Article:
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Sixth Circuit Affirms Injunction Blocking Ohio Abortion Ban

CHICAGO, IL - FEBRUARY 10:  Demonstrators protest in front of the Thompson Center to voice their support for Planned Parenthood and reproductive rights on February 10, 2017 in Chicago, Illinois. On February 11, rallies are scheduled to be held outside of Planned Parenthood clinics nationwide to call on Congress and President Trump to pull federal funding from Planned Parenthood.  (Photo by Scott Olson/Getty Images)
By Laura Temme, Esq. | Last updated on

In a 2-1 opinion published last week, the Sixth Circuit upheld an injunction aimed at preventing enforcement of an Ohio law restricting certain types of abortions.

The bill, which criminalizes performing an abortion if the medical provider has reason to believe the woman is seeking an abortion because the baby is diagnosed with Down Syndrome, was blocked by a preliminary injunction before going into effect.

Ohio Statute Criminalizes Abortion When Down Syndrome is a Factor

Ohio H.B. 214 required physicians who perform abortions to attest in writing that they were not aware of fetal Down Syndrome being the reason someone chose to terminate their pregnancy. Violation of the statute is a fourth-degree felony, and the state medical board was required to revoke the physician's license.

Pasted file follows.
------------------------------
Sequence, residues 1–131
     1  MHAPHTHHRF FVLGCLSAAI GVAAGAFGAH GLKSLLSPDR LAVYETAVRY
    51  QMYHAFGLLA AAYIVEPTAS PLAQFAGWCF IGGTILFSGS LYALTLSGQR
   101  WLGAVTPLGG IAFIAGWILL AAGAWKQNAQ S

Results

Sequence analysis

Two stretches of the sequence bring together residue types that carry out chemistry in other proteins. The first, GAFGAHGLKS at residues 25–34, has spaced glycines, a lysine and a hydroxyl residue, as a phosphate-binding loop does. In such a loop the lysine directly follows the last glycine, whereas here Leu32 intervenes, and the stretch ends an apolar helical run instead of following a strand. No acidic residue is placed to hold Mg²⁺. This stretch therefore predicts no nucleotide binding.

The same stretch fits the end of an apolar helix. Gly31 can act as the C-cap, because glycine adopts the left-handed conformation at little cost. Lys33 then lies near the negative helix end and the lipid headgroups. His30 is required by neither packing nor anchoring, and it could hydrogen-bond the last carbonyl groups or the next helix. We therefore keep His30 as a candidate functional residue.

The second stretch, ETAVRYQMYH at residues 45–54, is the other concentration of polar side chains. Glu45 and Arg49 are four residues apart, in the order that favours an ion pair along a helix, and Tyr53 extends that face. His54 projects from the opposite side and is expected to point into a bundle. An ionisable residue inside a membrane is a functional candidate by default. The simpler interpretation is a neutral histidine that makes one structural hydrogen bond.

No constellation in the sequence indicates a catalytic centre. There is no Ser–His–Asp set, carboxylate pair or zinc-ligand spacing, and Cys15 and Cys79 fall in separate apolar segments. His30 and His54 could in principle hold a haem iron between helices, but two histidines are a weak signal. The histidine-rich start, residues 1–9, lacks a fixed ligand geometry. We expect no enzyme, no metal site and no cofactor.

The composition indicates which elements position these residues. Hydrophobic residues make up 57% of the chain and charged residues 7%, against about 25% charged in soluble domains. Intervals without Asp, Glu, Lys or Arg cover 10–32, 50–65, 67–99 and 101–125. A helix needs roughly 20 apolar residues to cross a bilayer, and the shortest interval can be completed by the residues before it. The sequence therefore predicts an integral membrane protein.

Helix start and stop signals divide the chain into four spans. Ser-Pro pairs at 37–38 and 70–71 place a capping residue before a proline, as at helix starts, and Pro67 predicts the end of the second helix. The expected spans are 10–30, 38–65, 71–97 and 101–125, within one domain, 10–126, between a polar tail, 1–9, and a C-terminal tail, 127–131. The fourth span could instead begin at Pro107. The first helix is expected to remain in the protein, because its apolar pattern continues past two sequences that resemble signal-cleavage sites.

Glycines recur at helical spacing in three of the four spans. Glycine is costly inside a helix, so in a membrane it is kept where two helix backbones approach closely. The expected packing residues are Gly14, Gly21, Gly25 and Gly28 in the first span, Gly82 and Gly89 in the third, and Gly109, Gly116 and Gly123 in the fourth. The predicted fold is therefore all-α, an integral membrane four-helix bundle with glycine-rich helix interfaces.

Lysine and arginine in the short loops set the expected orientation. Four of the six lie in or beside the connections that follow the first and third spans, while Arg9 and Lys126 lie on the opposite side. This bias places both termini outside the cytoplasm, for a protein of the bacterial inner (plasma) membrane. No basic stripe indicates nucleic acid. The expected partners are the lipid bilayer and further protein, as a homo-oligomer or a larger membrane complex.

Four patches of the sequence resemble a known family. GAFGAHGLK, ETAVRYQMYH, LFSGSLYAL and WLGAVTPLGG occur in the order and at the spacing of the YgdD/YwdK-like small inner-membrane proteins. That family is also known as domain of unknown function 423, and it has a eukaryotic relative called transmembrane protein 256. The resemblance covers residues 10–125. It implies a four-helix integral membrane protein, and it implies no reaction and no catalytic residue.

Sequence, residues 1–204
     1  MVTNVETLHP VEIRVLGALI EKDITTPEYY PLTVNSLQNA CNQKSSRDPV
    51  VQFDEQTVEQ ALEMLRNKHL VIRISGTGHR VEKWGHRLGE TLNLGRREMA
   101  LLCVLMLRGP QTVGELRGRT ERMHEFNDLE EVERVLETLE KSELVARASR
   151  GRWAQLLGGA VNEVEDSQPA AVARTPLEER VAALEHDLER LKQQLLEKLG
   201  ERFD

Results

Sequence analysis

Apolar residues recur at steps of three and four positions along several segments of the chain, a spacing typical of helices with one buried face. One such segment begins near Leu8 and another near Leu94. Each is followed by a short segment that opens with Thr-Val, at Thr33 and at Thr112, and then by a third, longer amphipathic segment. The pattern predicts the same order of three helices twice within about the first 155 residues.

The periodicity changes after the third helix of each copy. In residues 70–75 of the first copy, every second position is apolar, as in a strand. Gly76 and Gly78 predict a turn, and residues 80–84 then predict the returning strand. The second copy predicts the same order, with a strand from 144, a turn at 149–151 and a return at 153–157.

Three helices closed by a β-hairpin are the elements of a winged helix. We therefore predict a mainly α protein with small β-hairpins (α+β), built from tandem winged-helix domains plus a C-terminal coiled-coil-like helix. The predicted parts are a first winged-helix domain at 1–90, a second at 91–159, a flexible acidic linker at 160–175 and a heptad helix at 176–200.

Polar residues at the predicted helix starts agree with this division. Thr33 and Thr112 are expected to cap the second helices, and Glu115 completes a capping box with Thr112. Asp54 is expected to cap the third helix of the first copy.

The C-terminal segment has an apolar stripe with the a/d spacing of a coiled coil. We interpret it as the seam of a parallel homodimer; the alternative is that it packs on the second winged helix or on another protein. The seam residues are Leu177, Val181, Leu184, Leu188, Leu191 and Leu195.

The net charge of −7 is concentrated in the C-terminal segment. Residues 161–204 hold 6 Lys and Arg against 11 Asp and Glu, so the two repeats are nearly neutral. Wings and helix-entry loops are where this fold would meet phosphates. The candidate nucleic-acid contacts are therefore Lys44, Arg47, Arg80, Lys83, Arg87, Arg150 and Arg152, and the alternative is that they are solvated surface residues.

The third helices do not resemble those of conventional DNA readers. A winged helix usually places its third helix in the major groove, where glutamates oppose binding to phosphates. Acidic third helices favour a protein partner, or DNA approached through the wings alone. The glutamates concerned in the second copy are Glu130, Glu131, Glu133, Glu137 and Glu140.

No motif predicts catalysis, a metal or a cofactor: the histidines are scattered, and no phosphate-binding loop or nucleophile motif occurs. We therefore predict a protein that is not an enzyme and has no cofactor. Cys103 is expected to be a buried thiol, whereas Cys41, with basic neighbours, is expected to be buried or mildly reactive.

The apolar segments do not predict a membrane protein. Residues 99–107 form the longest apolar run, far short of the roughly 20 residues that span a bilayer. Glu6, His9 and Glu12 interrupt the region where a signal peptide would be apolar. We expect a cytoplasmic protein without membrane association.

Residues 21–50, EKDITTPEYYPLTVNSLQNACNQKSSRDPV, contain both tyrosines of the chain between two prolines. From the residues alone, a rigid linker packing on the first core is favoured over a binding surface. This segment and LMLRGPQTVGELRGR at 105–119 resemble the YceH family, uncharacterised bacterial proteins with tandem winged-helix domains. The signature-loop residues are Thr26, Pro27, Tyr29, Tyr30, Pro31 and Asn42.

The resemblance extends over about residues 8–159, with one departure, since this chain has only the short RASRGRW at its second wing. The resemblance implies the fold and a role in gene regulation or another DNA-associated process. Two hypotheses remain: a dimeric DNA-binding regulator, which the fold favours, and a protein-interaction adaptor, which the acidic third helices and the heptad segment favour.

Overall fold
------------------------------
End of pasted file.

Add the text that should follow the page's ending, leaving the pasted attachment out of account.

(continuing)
Abortion providers in the state filed suit when the bill passed in 2017, requesting a preliminary injunction based on Roe v. Wade. The district court granted the injunction, finding that Roe, as well as Planned Parenthood v. Casey, grants women the express and unambiguous right to terminate her pregnancy pre-viability.

State Argues It's Interested in Preventing Discrimination

On appeal, state officials argued the state's interest in preventing discrimination based on a disability brought the abortion statute out from under Roe and Casey. In doing so, they argued that the state's interest in preventing such discrimination outweighs a woman's right to privacy. However, in Casey the Supreme Court drew a hard line on the issue, stating that before a fetus is viable outside the womb "the State's interests are not strong enough to support a prohibition of abortion."

The Sixth Circuit found the state's discrimination argument "deceptive in its construction," noting that under Casey any law that places a substantial obstacle in the path of a woman's choice is not considered a permissible means to serve a legitimate end.

As with so many recent abortion statutes, the goal is likely to get to the Supreme Court, where some wish to see Roe v. Wade overturned.

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